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On 1 December 2011, Transparency International released its annual Global Corruption Perceptions Index. The Index, compiled by the Transparency International Secretariat in Berlin, shows that New Zealand is perceived as the least corrupt country internationally.
In its press release concerning the 2011 CPI, Transparency Internationalís New Zealand Chapter warns against using the countryís performance on the Index as an excuse for complacency and urges the incoming Government to expedite necessary reforms in order to maintain New Zealandís reputation.
In a timely presentation at the latest TI-NZ annual general meeting The Derivation of New Zealandís High Ranking on the Corruption Perception Index." Ignite's consultants have been investigating which survey questions go into New Zealand's historic CPI ranking, who answers them, and what can and canít we conclude about the likely level of corruption in New Zealand on the basis of the Corruption Perception Index. Ignite's full report will be posted here soon.the latest results of the project they are conducting on behalf of TI-NZ. This project is analysing "
Related information about New Zealandís performance include TI-NZ publications the "2010 Global Corruption Barometer as it Relates to New Zealand", a related assessment: "As good as we are perceived?" and the recently conculded public sector fraud survey by The Office of the Auditor-General "Cleanest Public Sector in the World: Keeping Fraud at Bay."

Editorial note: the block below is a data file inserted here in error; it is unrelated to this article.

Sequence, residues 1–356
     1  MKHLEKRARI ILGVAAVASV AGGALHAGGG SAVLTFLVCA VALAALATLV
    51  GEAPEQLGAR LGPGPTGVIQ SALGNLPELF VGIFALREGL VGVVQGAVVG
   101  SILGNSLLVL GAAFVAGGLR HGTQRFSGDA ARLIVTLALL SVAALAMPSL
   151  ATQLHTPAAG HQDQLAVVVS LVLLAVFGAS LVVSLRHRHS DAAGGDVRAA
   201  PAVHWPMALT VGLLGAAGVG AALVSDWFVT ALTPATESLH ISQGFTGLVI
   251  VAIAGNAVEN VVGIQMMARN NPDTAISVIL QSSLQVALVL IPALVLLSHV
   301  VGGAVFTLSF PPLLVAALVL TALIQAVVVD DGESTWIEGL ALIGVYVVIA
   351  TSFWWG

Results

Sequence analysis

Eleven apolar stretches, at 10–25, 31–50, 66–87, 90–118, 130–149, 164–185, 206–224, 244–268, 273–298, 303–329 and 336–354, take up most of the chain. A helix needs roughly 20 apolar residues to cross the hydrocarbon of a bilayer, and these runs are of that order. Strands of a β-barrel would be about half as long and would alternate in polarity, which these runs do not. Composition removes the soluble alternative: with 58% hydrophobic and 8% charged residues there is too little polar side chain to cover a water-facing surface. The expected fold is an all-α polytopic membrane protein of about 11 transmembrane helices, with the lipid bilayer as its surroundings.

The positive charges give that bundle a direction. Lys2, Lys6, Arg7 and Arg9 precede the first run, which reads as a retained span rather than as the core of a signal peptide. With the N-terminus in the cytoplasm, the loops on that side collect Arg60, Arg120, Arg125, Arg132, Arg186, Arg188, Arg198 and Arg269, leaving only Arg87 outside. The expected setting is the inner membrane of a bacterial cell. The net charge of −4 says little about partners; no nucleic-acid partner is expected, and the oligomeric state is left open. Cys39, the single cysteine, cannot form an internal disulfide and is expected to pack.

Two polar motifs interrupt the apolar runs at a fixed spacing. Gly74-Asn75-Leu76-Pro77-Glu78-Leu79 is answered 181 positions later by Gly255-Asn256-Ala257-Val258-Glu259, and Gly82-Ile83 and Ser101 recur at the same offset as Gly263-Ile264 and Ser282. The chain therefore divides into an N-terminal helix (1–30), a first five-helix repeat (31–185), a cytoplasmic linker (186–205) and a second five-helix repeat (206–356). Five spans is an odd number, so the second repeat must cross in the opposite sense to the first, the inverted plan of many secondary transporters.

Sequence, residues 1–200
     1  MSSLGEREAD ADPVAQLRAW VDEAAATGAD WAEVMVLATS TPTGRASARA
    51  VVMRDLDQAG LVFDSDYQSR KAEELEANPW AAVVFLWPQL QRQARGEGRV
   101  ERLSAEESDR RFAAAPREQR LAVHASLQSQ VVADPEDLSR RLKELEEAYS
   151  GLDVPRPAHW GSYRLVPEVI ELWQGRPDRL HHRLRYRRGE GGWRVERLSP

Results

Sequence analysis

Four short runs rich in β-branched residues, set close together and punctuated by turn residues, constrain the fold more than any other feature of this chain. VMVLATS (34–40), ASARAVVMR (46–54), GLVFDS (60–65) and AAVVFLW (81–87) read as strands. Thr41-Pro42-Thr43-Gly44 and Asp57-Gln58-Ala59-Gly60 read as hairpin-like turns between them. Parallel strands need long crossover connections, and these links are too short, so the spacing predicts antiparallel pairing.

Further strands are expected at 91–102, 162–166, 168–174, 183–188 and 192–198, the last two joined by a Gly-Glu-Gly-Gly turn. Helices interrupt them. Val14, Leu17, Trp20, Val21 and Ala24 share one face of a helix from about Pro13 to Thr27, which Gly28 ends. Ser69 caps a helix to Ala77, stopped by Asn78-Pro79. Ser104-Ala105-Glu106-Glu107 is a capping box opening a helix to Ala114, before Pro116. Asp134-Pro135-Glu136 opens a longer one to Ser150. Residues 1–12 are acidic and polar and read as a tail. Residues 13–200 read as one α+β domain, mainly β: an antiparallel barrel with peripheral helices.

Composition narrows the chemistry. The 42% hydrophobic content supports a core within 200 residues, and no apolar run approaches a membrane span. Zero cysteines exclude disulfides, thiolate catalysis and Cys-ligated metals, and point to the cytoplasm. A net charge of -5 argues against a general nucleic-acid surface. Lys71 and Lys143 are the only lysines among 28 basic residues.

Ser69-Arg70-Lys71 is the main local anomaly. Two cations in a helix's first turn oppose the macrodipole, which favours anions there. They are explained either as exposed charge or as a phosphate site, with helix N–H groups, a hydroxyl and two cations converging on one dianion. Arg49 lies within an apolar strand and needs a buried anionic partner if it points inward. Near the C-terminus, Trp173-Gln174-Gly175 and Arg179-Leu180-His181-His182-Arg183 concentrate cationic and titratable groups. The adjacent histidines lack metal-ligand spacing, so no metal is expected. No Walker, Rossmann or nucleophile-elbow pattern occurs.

New Zealand has a solid system of mutually-supportive institutions and practices spanning the executive, legislative and judicial branches, together with an active media and civil society, that helps to contain the risk of systemic corruption compared to most other countries in the world. The role of widely held norms of integrity, honesty and trust throughout society are also critical in supporting the legal framework. However, there are significant risks to the maintenance of this state of affairs that need to be addressed. Specifics are available in 2003 New Zealand National Integrity System Study which while published in 2003 remains pertinent.
Transparency International New Zealand is constantly looking for new members committed to supporting or spearheading initiatives to eradicate corruption and bribery wherever they occur. For New Zealand, good governance in public and private organizations is critical for our countryís economic and ethical well being and international competitiveness.